This week has brought more arrests in the escalating Lava Jato corruption scandal in Brazil, with a top aide to President Michel Temer among those hauled in for questioning.
Yet the iShares MSCI Brazil Capped exchange-traded fund (EWZ) rose 1.8% this week. What gives? It may be that demand for the ETF is increasing as investors with a shorting strategy borrow shares (a purchase now) to bet against the direction of Brazilian equities (a future sale at a lower price). EPFR Global today noted that in the seven-day period through May 24, Brazil funds saw net inflows:
“The flows into Brazil Equity Funds, most of which went to ETFs dedicated to this market, came on the heels of another twist in the country’s major corruption scandal which raised questions about the political survival of President Michel Temer and his ability to push through key reforms. The fact the money went largely to ETFs is consistent with investors rushing to establish short positions. But it is also true that investors have been conditioned in recent years to see any sell-off as a buying opportunity that will disappear quickly. Investors who bailed out of Russia Equity Funds the week Russia annexed the Crimea saw those funds post a collective gain of over 20% in the following three and a half months …”
Peter Donisanu, investment strategy analyst at Wells Fargo, wrote the following, date May 26:
“We believe that the sharp sell-off and continued weakness in Brazilian assets is reflective of the fragile underpinnings that had supported the recent stock, bond and currency rallies. We expect Brazilian equities, bonds and the real to face continued headwinds, given the reemergence of political uncertainties. … We would expect uncertainty related to the political environment to act as a headwind to business and consumer sentiment, likely weighing on economic growth and challenging investor theses of improving growth and reforms. As a result, we maintain our unfavorable equity rating on the Latin American region (of which Brazil is the largest member). Instead, our emerging-market equity guidance favors exposure to Asia—where improvements in trade and growth remain positive contributors to equity-market performance there. For Brazilian local-currency bonds, we expect yields to face to upward pressure stemming from political developments and potentially weaker-than-expected economic data releases … we expect the U.S. dollar to appreciate this year, putting downward pressure on the Brazilian real and likely leading the currency to 3.40 from 3.30 reais to the dollar …”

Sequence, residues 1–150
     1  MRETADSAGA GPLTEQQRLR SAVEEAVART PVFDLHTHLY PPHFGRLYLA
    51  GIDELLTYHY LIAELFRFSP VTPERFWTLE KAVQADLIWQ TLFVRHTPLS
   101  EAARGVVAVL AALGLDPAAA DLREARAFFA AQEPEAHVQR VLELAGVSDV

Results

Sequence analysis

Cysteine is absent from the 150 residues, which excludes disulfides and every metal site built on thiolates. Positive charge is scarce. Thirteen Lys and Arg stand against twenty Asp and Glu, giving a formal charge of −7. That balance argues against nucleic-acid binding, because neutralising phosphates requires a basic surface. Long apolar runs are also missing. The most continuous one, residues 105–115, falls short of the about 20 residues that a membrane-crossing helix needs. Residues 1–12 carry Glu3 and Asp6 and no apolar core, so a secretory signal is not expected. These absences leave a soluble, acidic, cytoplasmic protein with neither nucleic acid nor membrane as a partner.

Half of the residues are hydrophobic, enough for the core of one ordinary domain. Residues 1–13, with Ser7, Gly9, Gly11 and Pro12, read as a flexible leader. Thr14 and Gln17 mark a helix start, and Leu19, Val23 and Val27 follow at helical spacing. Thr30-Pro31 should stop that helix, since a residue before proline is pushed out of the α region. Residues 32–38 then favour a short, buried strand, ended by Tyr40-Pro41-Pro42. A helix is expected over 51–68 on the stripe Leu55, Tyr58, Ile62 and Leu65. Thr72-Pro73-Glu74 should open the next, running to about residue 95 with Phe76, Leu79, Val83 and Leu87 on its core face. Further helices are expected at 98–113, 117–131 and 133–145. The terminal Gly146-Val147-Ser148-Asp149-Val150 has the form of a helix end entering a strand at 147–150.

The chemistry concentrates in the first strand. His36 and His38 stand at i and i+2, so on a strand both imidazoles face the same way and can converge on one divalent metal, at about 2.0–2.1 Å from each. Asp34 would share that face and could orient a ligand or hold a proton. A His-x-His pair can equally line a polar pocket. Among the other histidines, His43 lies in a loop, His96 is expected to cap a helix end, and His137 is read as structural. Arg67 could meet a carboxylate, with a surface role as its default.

Ned Davis explains the conundrum for Brazil’s economy: good demographics, bad pension obligationss and now “slim chances” that pension reform will happen under President Temer. Economist Alejandra Grindal and Analyst Patrick Ayers write that Brazil’s demographics are quite attractive. But they note Brazil has an Illinois problem: benefits to the elderly are high, in line with the developed world, because pension payouts are structured to rise with cost-of-living adjustments:
“Despite the high levels of corruption, Brazil has a lot of things going for it. It remains the biggest economy in Latin America, with a large land and resource base. The workforce is becoming more educated, with almost half o fits population ages 25-64 attaining at least an upper secondary education, much higher than China and Mexico, which are at 255 and 35% respectively. Adding to that, Brazil has an aimpressive demographic outlook. Thanks to a declinein its fertility rate over the past several decades, its dependency ratio has dropped dramatically … Furthermore, Brazil’s share of working-age population is projected to rise for at least another decade. This is a luxury that most of the developed world can’t afford … Temer knew the public pension program was unsustainable and was looking to make some major reforms, including requiring individuals to work longer and reducing payouts …”
Some reading: In the story, “Secret recordings may be Brazilian democracy’s best hope — but also a growing problem,” has some fascinating detail, from The Washington Post.
In our Thursday post, we outlined Morgan Stanley’s case for 80% upside in oil producer Petroleo Brasileiro or Petrobras (PBR), the state-controlled producer.
JBS (JBSAY) the meat company and majority owner of Pilgrim’s Pride (PPC) at the center of the latest wire-tap that exposed Temer to corruption allegations, tumbled 12% this week on top of big losses last week. The shares are down 33% this year. A Brazil competitor in meat sales, BRF (BRFS), jumped 15% higher this week, and is up 13% this year. See our post Brazil Bribery Beef: JBS Sinks 31%, Pilgrim’s Pride Safe?
Among individual Brazil companies, other winners include pulp producer Fibria Celulose (FBR), up 11%, and airplane maker Embraer (ERJ), up 8%.The second worst performer after JBS was residential property developer Gafisa (GFA), down nearly 9% this week,
You can peruse all our recent free posts on Brazil, including: 38 Brazil Banks & Sovereign Face Rising Debt Risk, S&P Says, As Brazil Debt Risk Rises, Petrobras Issues Bonds 6 Reasons Petorbras Has 35% Upside